ATWATER With cuts made and a financial plan in place, Atwater leaders expect to put a stop to their Assembly Bill 506 hearings, marking an end to the city's move toward bankruptcy, but a sales tax hike is looming.
Though the council declared a common-law fiscal emergency in October, that maneuver was made to give the city more flexibility to negotiate with contracted employees. A fiscal emergency under AB 506 would've been a precursor to bankruptcy.
An AB 506 hearing appeared on agendas in September and October, and is also included on Tuesday's agenda. But Frank Pietro, interim city manager and police chief, said he'll be asking the council to close the public hearing and take no further action on it.
Pietro's plan to pull the city out of its monetary woes included eight layoffs, large pay concessions from employees and budget reductions not related to personnel. The action is estimated to bring nearly $3 million in savings.
"I'm hopeful that this plan is going to help us immensely," Pietro said.
However, the city may soon be calling for its citizens to help out in the form of a half-cent sales tax.
Tuesday's agenda is calling for the item to be placed on the ballot in a special election March 5.
Staff documents show the proposed tax could generate about $1 million a year to help fund public safety.
The potential special election measure would, however, need a two-thirds vote from residents to pass. Holding a special election could cost the city between $50,000 and $75,000.
Linda Dash, a former Atwater councilwoman, worked on the sales tax proposal with Michelle Gray, the widow of Stephan Gray, a Merced police officer who was murdered in the line of duty in 2004.
Dash said she thinks the council will support the special election for the sales-tax measure.
"I think it should get enough support," she said. "They're all for it."
During an Oct. 22 meeting, the council unanimously passed an item that authorized Pietro to initiate the special election process. Tuesday's anticipated action would implement the March 5 election.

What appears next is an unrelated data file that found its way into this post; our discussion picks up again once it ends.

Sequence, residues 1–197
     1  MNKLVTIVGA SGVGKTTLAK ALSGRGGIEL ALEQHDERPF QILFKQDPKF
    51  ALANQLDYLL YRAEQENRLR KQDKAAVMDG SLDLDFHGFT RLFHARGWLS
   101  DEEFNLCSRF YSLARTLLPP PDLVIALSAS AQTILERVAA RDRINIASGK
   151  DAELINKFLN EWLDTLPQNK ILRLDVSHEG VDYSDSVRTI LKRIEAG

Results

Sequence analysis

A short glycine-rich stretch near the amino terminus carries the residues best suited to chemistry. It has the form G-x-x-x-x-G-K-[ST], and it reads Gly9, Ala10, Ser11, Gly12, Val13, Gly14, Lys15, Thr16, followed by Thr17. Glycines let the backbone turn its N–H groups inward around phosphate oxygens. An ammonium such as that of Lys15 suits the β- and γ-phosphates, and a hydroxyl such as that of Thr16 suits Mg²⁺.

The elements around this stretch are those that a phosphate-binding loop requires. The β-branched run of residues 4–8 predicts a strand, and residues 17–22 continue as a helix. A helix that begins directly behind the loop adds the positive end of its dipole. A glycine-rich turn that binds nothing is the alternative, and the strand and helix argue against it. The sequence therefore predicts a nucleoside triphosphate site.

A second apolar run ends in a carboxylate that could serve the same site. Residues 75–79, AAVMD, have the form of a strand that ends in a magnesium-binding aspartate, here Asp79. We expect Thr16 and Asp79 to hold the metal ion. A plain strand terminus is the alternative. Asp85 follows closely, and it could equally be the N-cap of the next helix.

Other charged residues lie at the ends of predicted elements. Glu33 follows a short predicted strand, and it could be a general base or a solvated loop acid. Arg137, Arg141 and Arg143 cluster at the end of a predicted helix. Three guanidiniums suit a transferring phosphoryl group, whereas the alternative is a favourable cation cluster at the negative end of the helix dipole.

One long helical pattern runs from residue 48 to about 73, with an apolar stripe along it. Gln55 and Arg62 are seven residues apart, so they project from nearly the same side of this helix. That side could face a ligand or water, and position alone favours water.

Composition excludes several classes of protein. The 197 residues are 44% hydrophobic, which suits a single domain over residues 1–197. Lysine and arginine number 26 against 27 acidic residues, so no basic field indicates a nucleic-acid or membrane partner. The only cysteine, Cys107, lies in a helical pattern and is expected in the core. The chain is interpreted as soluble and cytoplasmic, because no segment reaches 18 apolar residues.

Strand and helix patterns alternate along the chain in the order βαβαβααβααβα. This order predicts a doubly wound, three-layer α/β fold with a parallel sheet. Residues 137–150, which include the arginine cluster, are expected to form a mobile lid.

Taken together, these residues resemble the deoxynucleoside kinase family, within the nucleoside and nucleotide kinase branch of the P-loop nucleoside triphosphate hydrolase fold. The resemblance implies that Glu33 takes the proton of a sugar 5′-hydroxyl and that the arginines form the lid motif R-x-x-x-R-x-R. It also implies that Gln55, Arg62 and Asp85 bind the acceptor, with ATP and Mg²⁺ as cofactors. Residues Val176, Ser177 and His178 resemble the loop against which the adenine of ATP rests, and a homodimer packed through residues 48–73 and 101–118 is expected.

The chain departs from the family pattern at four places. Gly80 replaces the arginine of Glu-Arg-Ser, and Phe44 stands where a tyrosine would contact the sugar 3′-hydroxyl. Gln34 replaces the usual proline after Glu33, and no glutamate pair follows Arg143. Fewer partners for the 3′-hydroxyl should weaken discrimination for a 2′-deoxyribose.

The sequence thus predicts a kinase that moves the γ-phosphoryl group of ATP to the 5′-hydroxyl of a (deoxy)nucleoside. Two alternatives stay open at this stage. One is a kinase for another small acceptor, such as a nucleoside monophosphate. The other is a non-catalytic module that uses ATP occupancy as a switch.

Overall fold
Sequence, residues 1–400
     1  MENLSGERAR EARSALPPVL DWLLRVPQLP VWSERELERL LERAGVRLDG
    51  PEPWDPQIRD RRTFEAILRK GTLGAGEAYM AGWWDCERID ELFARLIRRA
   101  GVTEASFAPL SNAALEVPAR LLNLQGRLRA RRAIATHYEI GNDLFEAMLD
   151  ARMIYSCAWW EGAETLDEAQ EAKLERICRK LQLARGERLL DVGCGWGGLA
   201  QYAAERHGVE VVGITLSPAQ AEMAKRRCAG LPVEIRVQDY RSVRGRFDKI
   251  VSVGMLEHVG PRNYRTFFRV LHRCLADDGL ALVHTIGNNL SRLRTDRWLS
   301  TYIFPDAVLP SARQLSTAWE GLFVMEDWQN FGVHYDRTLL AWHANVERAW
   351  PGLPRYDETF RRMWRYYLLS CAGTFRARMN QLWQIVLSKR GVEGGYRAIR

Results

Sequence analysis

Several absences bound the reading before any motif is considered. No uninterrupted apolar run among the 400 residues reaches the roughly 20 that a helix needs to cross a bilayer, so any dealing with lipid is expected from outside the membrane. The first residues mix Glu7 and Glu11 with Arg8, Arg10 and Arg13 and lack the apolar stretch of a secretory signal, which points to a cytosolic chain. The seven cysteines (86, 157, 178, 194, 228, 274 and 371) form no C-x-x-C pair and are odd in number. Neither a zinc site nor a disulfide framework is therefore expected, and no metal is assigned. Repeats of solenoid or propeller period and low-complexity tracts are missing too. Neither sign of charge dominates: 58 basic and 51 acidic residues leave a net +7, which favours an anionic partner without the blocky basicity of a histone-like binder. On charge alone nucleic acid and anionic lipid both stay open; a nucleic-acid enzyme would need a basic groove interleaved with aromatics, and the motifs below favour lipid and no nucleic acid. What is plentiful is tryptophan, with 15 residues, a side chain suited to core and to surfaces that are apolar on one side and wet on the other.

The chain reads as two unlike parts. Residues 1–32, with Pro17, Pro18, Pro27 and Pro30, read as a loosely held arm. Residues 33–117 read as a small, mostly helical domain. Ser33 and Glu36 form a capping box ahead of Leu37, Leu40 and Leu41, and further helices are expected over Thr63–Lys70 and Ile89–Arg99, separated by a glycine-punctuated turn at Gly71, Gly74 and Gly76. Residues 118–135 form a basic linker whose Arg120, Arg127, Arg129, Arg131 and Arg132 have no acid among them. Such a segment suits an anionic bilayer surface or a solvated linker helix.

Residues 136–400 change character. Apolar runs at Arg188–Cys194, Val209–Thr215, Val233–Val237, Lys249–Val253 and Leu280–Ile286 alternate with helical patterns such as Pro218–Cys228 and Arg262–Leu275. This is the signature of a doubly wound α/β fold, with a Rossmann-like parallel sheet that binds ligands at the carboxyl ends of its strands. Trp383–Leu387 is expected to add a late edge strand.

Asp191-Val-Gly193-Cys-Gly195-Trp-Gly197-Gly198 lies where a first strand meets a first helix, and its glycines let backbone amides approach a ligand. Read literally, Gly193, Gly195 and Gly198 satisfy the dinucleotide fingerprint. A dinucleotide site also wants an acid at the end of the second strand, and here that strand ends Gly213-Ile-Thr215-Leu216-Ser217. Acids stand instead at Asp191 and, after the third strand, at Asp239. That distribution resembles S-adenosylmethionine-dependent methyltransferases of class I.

Dash also thinks the proposal will get backing from residents.
"Right now, the community is not real happy with the council, and the way this has transpired, but they'll support the police," she said.
A general fund deficit of more than $3 million along with deficits in the city's water and sanitation funds led to the financial crisis that resulted in layoffs, pay cuts and other reductions. Many residents have voiced their disapproval at recent council meetings.
One of those residents is Jim Price, vice president of operations for Gemini Flight Support, who said he backs public safety, but takes issue with the half-cent sales tax measure.
He said there's not enough specificity as to what the additional funds will be used for, noting that public safety is a term that can be widely defined. "I want to see details," Price said. "What do they specifically intend to spend this money on?"
Price is also uneasy about the city spending thousands of dollars on an effort that might not come to fruition, especially with taxpayers who may be reluctant to give up more during "recessionary times."
At this point, Price said, there are more negatives than positives with the proposal and the city needs to be smart about the plan and the decision to spend $50,000 to $75,000 on a special election.
"Where are we supposed to come up with that kind of money when we're broke already?" he asked.
Price also noted that a half-cent sales tax was proposed in Merced, but was shot down by the City Council about a year and half ago.
Councilman Gray Frago said he agrees with the idea of a half-cent sales tax. "I'm not in favor of taxes, but I really don't see any other way to go right now," he said.
Frago also thinks residents will be supportive of a small tax increase that's specifically aimed at supporting public safety, unlike a general tax increase.
Pietro said he isn't yet sure what the ramifications would be if the sales tax doesn't go through, but added he should have a better idea of the impacts next month.
Tuesday's regular session council meeting starts at 6 p.m. in the City Council Chambers at 750 Bellevue Road in Atwater.
Reporter Mike North can be reached at (209) 385-2453 or firstname.lastname@example.org.